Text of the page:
After settling a $125 million lawsuit with book publishers this fall over its digital book search project, Google has expanded the initiative to include magazines, too.

On a blog post Tuesday, the mega search engine said it already has digitized millions of magazine articles from several major publishers and will make them available on its Google Book Search service. The goal, Google says, is to help bring more archived and new magazine content online and searchable.

Publishers already on board include New York magazine, Ebony and Hearst’s Popular Mechanics. According to Popular Mechanics editor-in-chief James Meigs, Google’s magazine digitization program "will allow us to bring thousands of archived articles to the online world and open our readers to innovations, ideas and how-tos from the past.”

Now, Book Search users will find magazine results mixed in with links to books—magazine links have are differentiated with the keyword “magazine” attached. As Google grows its archive of magazine articles, more links will also become available in standard search results.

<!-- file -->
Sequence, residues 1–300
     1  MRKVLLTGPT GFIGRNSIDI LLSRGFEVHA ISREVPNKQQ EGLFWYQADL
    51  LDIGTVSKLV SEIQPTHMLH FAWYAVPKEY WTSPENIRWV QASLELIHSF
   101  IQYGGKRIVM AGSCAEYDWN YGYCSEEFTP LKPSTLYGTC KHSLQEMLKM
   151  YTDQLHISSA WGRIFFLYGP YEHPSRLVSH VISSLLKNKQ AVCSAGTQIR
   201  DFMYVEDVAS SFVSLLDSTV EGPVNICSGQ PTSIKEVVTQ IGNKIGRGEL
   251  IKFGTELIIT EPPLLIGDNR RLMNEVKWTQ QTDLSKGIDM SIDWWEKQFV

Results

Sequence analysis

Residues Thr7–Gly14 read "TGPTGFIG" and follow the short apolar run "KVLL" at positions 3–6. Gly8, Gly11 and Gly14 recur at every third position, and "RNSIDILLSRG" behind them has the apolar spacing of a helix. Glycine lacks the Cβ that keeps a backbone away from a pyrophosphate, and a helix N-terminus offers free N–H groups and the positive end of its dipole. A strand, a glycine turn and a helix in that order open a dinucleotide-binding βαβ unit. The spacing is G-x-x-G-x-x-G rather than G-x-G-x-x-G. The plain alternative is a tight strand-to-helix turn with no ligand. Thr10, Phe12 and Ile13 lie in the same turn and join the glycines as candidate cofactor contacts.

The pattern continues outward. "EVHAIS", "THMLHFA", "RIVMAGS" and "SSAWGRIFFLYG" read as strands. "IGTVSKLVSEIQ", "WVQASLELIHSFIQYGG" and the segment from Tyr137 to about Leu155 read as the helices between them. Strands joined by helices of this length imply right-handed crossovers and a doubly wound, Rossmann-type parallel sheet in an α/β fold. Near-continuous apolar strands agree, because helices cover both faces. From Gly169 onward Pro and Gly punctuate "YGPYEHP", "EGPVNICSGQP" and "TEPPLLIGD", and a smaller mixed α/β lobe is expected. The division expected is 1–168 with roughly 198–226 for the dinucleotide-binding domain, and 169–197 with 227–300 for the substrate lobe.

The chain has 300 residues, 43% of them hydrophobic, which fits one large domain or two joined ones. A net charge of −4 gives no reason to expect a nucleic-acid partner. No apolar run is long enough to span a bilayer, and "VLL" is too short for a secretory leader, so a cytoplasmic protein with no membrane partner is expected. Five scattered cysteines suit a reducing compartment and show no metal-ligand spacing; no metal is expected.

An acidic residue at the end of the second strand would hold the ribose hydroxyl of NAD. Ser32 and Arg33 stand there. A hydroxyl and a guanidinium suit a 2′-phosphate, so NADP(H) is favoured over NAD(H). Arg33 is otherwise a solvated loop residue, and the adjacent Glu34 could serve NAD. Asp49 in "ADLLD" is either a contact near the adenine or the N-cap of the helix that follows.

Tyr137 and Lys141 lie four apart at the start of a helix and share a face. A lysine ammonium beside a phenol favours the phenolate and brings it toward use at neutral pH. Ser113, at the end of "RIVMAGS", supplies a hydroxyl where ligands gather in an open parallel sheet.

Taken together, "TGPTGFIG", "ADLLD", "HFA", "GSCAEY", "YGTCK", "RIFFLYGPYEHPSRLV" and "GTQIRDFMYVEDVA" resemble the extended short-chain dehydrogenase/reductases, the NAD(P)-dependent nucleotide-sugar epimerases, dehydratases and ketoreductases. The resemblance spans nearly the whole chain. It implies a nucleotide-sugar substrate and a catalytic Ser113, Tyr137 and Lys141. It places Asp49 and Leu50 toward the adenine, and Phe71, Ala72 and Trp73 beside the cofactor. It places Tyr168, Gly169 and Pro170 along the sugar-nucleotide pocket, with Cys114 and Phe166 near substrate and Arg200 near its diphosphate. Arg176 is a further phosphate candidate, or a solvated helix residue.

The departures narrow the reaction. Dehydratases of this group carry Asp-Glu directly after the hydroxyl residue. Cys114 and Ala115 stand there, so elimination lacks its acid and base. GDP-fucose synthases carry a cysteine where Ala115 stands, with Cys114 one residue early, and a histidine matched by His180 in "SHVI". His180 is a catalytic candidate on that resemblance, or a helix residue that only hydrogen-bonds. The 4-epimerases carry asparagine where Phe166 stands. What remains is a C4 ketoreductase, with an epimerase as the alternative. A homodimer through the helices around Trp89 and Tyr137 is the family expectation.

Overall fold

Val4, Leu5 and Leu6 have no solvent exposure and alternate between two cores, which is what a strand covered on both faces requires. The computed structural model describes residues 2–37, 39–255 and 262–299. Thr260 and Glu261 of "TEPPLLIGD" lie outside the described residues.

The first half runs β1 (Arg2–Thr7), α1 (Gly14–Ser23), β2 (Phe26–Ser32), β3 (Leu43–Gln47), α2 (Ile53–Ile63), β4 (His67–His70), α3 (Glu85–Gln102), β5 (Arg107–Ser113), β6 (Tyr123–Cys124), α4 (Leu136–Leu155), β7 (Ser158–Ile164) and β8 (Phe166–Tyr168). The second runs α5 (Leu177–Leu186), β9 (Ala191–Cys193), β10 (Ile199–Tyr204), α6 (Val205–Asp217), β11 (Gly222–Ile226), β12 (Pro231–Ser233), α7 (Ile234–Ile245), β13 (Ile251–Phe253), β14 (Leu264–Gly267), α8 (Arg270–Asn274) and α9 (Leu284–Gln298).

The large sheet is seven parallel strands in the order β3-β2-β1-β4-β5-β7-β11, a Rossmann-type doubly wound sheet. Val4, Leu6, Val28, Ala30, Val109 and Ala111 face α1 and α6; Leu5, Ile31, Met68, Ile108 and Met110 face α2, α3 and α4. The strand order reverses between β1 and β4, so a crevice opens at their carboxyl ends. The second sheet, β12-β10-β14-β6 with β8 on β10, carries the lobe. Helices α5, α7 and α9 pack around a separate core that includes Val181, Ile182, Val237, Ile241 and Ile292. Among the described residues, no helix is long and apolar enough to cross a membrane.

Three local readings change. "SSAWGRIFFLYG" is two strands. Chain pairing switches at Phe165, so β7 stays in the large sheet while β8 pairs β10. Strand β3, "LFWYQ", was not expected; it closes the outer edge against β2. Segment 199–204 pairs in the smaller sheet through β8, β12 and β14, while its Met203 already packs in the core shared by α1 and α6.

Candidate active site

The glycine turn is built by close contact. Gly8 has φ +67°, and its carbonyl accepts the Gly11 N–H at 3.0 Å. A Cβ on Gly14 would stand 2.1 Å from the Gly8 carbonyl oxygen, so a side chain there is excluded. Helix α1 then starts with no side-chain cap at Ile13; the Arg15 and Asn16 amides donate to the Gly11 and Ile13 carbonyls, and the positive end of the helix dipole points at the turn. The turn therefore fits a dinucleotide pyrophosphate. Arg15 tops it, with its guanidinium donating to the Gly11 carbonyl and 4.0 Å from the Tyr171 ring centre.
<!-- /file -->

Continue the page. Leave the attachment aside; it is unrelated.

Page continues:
Google is monetizing the initiative, in part, by running text advertisements alongside the magazine articles. Google says it will split revenues with publishers and will link back to publishers’ Web sites.

"This is definitely an exciting development and a true testament of the need to populate the web with attractive authoritative content," Rich Maggiotto, CEO of Zinio, a digital magazine platform, wrote in an e-mail to FOLIO:. "The Google archive project is an interesting experiment which makes sense for Google and their well publicized mission. Unquestionably, the ability to match specific search terms to content for print magazine archives has been a challenge the past. This is one approach and a ‘to-be-determined’ economic model."